DevSecOps makes sure you can sprint toward deployment with the best security posture thanks to automation. By incorporating automated security scans early in the development cycle, you can ensure you’re meeting security and compliance needs while building as lightning speed. CISOs will thank you as well, because automation pays off; it has been proven on many occasions that fixing bugs earlier in the development lifecycle is much cheaper and faster than after the application is in production.
Some several tools and services can help automate security for you. For example, OWASP Zed Attack Proxy (ZAP), which is a free and open source web proxy and like Dependency Check, it also has a Jenkins plugin to integrate your security scans in the build process. Other tools that can help you in this process are w3af, Arachni, BurpSuite Enterprise, Acunetix, Netsparker, WebInspect, AppScan, Conviso AppSec Flow, and Veracode.
Trend Micro Cloud One™ – Application Security can also help to minimize design and deployment risks thanks to runtime self-protection technology. It only takes 2 minutes to install and doesn’t require any additional code changes or rules to set up. See for yourself with our free 30-day trial.
Security code reviews (SAST)
Code reviews and refactoring have been in place for a long time, but they mostly focus on code quality and performance, whereas security code reviews focus on vulnerabilities and security issues, regardless of how the code has been written.
Although there are many tools available already, there are also many different languages and false positives to deal with. In the DevSecOps mindset, code reviews should be done at each commit, preferably automated, since the objective is to commit small pieces of code many times a day or a week to make sure that if something happens, it would be easier to debug and fix. In that case, you can integrate your security code review tool with your source code management (SCM) and create alerts or even triggers that execute a scan in your source code every time there is a commit to your SCM.
Performing those checks frequently will significantly reduce the amount of vulnerabilities in your software after deployment that would need any code changes. It will also give your developers fast feedback about the mistakes being made and how to avoid them.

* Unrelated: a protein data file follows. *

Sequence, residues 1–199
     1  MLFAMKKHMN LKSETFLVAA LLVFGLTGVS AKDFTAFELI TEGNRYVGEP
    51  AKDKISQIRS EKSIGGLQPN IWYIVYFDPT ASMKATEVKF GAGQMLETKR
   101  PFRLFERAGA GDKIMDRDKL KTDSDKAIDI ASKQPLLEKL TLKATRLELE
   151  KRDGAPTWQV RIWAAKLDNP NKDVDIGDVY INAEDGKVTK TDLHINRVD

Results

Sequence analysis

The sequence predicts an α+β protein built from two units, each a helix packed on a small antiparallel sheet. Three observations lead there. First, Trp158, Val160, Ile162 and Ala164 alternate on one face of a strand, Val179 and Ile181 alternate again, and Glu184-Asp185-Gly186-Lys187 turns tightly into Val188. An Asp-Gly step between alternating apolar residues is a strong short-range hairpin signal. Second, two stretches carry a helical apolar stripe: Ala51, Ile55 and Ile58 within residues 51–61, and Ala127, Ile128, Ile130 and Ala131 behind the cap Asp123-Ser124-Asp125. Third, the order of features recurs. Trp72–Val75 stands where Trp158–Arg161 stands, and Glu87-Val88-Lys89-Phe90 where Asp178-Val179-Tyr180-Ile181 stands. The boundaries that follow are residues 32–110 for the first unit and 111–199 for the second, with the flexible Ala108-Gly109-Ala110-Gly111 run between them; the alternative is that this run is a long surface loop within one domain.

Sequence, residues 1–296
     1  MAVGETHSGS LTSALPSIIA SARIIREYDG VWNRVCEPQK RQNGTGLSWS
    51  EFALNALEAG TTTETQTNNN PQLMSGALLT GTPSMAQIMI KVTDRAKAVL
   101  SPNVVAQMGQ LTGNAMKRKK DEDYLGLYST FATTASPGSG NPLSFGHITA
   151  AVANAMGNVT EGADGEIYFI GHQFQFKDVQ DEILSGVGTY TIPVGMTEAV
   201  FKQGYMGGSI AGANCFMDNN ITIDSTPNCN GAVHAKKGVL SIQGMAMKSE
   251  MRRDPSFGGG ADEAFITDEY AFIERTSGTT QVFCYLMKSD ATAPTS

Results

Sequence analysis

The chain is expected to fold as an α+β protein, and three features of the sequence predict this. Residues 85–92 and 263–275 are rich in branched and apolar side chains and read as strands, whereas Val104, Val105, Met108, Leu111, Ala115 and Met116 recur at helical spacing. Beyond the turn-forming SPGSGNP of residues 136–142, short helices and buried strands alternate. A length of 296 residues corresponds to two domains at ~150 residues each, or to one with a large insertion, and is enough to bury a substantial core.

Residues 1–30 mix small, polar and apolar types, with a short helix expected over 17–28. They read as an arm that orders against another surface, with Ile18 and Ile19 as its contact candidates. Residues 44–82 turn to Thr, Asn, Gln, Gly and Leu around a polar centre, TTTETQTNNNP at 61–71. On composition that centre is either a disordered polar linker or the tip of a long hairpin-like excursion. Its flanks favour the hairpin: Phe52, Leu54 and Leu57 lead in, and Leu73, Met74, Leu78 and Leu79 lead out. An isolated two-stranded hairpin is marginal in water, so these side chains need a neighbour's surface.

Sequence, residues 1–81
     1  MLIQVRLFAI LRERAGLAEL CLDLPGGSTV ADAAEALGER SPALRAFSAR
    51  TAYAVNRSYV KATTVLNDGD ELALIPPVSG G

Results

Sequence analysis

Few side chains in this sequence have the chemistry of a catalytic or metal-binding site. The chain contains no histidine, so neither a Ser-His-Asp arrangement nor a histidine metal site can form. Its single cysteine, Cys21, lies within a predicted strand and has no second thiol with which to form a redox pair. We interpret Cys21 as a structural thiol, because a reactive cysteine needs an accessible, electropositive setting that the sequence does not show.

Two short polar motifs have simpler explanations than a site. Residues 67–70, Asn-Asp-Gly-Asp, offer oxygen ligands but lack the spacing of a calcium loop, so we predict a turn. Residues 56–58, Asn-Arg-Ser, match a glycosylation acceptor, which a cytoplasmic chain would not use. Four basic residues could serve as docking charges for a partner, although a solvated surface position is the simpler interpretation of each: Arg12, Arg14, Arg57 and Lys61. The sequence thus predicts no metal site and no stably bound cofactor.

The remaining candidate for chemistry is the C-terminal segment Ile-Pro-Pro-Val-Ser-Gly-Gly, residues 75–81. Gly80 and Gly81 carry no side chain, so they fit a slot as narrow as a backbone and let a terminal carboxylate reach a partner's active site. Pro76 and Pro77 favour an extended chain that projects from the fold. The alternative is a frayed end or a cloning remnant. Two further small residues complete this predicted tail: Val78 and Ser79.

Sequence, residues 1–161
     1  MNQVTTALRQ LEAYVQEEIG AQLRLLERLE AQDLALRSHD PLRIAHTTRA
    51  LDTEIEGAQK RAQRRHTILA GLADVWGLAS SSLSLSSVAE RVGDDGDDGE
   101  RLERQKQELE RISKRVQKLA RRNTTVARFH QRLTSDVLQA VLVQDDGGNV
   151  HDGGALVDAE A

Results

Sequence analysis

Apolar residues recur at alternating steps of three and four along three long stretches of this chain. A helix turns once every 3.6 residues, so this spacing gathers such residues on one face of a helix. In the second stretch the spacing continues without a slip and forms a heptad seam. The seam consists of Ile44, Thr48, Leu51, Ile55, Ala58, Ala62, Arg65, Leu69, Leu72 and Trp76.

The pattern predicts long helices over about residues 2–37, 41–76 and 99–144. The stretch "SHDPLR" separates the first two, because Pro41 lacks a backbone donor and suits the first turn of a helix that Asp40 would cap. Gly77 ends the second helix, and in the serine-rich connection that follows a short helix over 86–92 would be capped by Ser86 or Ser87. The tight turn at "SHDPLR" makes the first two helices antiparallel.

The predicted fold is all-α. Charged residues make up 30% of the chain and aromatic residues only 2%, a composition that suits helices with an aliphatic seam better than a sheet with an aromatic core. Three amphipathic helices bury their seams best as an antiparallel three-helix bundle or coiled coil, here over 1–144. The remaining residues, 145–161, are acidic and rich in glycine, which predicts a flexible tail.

Some tools to help in this process are: Checkmarx, Fortify, HuskyCI, Horusec, AppScan, SonarQube, Conviso AppSec Flow, and many others. Please check out this detailed list of Source Code Analysis tools by OWASP for more options.
Conclusion: Team work makes dream-work
Security within an organization cannot be siloed or left up for DevOps teams to figure out and manage—they are not security experts.
DevSecOps is based on the shared responsibility model, meaning security is everyone’s responsibility. A successful DevSecOps culture builds security in the DevOps processes and encourages collaboration amongst developers and security teams.
The security team has to understand how the development flow works and provide support via expertise and proper tools, without adding new barriers. Security teams should suggest alternatives, instead of leaving it up to DevOps, that use security verifications and checks within developer-friendly tools like IDE, CI/CD, SCM or Application Lifecycle Management (ALM).
Automating security processes helps both teams out. Now, the security team can focus on more manual testing and other issues, while developers can receive fast feedback about the security of their applications and take necessary remediation steps.
Effectively applying DevSecOps best practices will have a noticeable positive impact on the security of your overall applications. Remember what matters to the business and try to balance security with new features.